NEW YORK - Concentration of long-term-care-insurance distribution in a relatively small number of independent firms is stunting the growth of the market, according to a recent report.
But the large independent distributors counter that they are filling the vacuum created by LTC insurers, many of which don't adequately recruit, train or motivate agents.
Although the industry has a 17% five-year annual growth rate, much of that has come from premium increases instead of new business, noted the report, "Long-Term Care Insurance: Opportunity Knocking - Again?" by Conning Research and Consulting Inc. in Hartford, Conn.
Twenty insurers control 92% of the market, and much of the business flows through a small number of distributors, the report pointed out. About 90% of the products are sold through insurance agents and brokers, with financial planners and banks selling the rest.
Complexity a problem
The concentration is an outgrowth of the product's complexity, which makes it difficult to sell, the report stated. That complexity encourages the creation of specialists, who tend to make the products even more complicated, further restricting sales.
"They're reporting yesterday's news," Jesse Slome, executive director of the American Association for Long-Term Care Insurance in Westlake Village, Calif., said about the Conning report. "The sophisticated firms realized that making the product complex was not meeting consumer needs."
LTC insurance products are starting to become simpler, and there are about 120,000 producers who have sold at least one policy, added Mr. Slome, who also is president of marketing firm Sales Creators Inc. in Westlake Village.
"It's absolutely true that LTC insurance is complex. But that's because there are many products with lots of moving parts and changes," said Dan Cahn, senior vice president of business development for Kirkland, Wash.-based LTC Financial Partners LLC, which has 150 agents nationwide.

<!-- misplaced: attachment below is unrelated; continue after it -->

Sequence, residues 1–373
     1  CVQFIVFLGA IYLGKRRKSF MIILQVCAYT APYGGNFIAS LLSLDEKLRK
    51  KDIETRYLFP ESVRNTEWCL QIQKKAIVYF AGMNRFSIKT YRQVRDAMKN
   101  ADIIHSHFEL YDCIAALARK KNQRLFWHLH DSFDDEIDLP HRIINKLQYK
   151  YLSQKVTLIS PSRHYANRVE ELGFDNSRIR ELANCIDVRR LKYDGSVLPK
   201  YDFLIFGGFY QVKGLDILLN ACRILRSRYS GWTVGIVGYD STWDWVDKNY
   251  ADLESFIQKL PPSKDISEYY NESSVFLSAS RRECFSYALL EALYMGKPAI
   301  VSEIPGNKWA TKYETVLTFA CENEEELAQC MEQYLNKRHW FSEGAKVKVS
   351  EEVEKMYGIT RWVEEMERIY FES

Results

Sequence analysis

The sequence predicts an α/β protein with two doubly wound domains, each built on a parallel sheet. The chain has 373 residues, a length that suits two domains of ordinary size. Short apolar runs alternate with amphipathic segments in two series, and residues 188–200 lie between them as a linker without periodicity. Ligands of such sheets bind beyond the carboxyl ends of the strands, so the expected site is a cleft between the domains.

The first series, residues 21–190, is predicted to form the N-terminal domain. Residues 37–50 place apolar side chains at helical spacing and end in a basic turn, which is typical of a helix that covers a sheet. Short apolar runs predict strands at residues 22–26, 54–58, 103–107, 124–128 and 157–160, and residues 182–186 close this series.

"Also, the clients' needs for which the coverage is designed are complex," he said.
"There used to be a few carriers with a single product and a career distribution force, but now the independent firms are the main distributors," Mr. Cahn added.
Changes in LTC distribution may be on the way, according to Stephan Christiansen, director of research at Conning. "LTC insurance has begun to break out of its limited distribution network and is increasingly being understood to be part of a financial planning and lifestyle program," he said.
In the financial planner channel, LTC insurance can be an effective cross-selling opportunity and asset-retention strategy, Mr. Christiansen added.
Financial advisers can increase LTC sales by partnering with full-time LTC producers, according to Ron Iverson, a consultant in Helena, Mont., who specializes in LTC marketing. While aware that the client should have the coverage, many planners are too busy to sell it, he noted.
Other new distribution channels include the Internet, and associations for retired people and the elderly, Mr. Slome added.
An emerging LTC distribution strategy is to make the coverage available through a payroll deduction in employee benefit plans, according to a study last year by Seattle-based Milliman USA Inc. However, that strategy has had mixed results, and the study found that employee participation rates were disappointing.
"We had no success selling the coverage as an employee benefit - the employees just had no interest in it," said Mike Ackerman, principal of Integrated Benefit Services Inc. in Radnor, Pa. "LTC isn't a group product - it's an individual product that can be marketed to groups."
LTC insurers use employee benefit wholesalers to place group LTC business, Mr. Ackerman noted.
Part of the problem is the employees' financial advisers, who sometimes discourage them from buying group coverage through employers because the advisers want to sell them individual coverage, he said.
In addition to product specialization, innovative compensation packages are tending to concentrate the best LTC producers in a few big firms. For instance, LTC Financial Partners has an "ownership" compensation structure, according to chief executive Cameron Truesdell.
"Every partner gets shares, and the number of shares goes up with production," he said.
"That means a whole new income stream from share dividends - a new concept in the LTC insurance field," Mr. Truesdell said. "This stream is above and beyond the traditional income from premium renewals."
But compensation isn't the only factor driving LTC producers to the larger firms. "Producers may gravitate to the bigger firms because they want access to multiple insurers and products for their clients," Mr. Slome said.